Professor Khoury received her Ph.D. in Middle East history from Georgetown University. Before joining the GW history department in 1991, she taught at Georgetown University and was the recipient of a Social Science Research Council grant for two consecutive years.
Professor Khoury has written on the Iraqi provinces of the Ottoman Empire in the early modern period. Her research has focused on the social history and political culture of the Ottoman provinces with particular emphasis on urban rebellions and Islamic reform agendas. Her current research interests include the relationship of memory to identity and the impact of violence on Middle Eastern societies. Funded by the Social Science American Council of Learned Societies, the American Council of Learned Societies, the National Endowment of the Humanities, and most recently, the John Simon Guggenheim Fellowship, she is currently completing War and Remembrance in Iraq. This book examines the ways in which the Iraqi government under the Ba'th regime sought to mobilize its soldiers and citizenry to support its war effort during the 1980s and 1990s. Part of her research is based on interviews with Iraqi veterans and intellectuals who fought in the wars or worked for the state's cultural institutions.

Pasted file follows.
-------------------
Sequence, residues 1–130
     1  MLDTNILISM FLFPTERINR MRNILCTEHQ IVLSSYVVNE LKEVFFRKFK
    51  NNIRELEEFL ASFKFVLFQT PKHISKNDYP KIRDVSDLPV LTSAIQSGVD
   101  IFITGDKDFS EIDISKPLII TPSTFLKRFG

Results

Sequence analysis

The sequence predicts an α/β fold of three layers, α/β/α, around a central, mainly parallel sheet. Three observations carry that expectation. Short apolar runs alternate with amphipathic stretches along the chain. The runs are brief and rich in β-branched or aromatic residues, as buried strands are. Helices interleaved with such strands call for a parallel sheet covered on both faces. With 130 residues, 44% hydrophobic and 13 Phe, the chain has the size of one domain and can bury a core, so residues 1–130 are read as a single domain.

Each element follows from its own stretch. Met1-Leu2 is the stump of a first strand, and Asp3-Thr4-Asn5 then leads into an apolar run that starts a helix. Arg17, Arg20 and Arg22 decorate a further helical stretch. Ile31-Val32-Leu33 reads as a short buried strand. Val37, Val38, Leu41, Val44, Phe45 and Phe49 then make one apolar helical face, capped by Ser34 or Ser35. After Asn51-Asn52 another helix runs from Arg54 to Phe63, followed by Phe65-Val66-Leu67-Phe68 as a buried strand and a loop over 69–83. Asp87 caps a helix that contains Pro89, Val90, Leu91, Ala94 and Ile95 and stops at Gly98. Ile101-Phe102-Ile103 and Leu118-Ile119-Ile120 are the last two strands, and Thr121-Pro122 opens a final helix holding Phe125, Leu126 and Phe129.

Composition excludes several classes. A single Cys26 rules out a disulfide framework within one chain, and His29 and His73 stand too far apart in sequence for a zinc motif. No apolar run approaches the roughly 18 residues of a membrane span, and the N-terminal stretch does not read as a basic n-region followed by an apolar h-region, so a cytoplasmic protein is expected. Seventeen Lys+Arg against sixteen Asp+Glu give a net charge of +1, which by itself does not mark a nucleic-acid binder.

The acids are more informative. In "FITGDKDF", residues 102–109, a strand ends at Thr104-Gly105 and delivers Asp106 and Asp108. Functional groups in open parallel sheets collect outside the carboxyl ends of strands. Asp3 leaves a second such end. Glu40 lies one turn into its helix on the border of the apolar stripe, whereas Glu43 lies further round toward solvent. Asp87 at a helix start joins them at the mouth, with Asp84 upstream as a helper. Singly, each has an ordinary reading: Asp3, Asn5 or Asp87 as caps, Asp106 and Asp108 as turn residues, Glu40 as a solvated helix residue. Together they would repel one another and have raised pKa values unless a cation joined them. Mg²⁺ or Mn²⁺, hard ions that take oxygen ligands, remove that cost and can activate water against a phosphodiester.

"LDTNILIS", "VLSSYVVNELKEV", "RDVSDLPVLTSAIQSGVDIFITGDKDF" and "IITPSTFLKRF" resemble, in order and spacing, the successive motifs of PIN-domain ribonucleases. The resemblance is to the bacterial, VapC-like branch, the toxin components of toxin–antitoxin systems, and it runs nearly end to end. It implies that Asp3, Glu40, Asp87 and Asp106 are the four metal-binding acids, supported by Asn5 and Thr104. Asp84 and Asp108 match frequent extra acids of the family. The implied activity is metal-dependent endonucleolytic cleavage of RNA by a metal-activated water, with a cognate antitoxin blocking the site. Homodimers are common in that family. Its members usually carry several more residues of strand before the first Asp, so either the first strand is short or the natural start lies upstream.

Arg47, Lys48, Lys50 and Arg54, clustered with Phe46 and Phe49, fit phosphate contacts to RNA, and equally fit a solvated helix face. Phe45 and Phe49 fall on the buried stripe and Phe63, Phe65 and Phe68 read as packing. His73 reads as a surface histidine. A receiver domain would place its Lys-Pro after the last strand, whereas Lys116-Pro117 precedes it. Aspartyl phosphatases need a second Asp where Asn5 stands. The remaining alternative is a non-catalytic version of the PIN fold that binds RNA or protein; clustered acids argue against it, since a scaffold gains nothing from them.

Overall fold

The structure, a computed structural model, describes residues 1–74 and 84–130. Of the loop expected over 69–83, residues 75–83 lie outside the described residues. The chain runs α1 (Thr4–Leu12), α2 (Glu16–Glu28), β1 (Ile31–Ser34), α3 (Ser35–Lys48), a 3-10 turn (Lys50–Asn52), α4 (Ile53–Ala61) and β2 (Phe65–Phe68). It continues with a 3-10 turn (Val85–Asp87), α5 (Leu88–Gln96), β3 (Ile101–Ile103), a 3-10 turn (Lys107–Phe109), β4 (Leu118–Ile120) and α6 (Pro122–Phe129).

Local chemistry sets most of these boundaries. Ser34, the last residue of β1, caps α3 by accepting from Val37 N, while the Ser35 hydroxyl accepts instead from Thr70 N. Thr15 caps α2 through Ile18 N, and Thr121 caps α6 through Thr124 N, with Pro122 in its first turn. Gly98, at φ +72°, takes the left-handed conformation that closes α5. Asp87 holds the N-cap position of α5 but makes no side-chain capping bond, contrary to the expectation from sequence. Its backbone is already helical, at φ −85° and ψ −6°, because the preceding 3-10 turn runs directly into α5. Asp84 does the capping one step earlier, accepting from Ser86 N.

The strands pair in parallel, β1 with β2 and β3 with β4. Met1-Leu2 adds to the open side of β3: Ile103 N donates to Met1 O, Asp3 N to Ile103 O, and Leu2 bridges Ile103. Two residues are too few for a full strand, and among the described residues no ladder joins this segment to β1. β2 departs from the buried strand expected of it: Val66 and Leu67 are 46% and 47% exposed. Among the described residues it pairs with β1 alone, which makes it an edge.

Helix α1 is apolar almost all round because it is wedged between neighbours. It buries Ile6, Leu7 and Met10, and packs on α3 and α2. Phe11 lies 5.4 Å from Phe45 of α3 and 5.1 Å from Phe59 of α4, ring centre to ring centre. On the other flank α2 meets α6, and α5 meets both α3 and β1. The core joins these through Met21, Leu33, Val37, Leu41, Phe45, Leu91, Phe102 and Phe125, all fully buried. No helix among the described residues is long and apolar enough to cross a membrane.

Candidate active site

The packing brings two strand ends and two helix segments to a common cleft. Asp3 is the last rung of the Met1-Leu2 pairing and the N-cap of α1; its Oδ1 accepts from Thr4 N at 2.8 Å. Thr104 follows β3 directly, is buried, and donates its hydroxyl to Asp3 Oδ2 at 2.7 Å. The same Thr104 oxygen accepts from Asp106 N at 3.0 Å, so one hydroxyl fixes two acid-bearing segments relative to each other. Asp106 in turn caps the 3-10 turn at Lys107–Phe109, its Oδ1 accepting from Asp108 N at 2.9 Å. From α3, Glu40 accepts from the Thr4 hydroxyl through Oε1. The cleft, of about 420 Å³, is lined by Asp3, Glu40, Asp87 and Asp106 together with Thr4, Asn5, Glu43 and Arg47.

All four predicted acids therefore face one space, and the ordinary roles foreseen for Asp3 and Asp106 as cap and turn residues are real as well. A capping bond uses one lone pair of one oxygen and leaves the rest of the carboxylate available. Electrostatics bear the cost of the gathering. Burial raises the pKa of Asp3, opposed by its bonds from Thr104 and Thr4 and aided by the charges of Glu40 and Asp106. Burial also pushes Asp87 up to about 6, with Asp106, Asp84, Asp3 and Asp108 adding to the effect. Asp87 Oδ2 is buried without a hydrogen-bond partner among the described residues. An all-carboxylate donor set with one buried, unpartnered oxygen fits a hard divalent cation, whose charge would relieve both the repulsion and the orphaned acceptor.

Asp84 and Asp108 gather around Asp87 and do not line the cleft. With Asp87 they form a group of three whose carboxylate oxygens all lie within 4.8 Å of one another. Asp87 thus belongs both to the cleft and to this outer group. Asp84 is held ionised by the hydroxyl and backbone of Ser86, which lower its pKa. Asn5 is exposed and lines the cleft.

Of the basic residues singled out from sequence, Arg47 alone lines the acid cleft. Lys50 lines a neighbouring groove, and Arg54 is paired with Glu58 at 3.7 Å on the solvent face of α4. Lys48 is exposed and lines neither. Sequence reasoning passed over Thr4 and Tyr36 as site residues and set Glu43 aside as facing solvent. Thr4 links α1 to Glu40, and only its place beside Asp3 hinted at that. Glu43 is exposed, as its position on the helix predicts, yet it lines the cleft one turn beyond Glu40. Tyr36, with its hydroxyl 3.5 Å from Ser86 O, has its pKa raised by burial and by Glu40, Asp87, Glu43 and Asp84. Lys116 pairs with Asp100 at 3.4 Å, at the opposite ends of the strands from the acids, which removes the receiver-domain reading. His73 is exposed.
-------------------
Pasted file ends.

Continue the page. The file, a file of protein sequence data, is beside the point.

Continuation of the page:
Her principal publications include:
--"Violence and Spatial Politics between Local and Imperial: Baghdad, 1778-810," in Spaces in the Modern City, Imaginaries, Politics and Everyday Life, ed. Gyan Prakash and Kevin Kruse (2008);
--"Comparing Empires: The Ottoman Domains and the British Raj in the Long Nineteenth Century," co-authored with Dane Kennedy, Comparative Studies of South Asia, Africa and the Middle East 27, no. 2 (2007);
--"Who is a True Muslim? Exclusion and Inclusion among Polemicist of Reform in Baghdad," in Early Modern Ottoman History: A Re-mapping the Empire, ed. Virginia Aksan and Daniel Goffman (2007);
--State and Provincial Society in the Ottoman Empire (1997) (winner of two book prizes in 1998); and,
--"Slippers at the Entrance or Behind Closed Doors: Domestic and Public Space for Mosuli Women," in Women in the Early Modern Ottoman Empire, ed. Madeline Zilfi (1997).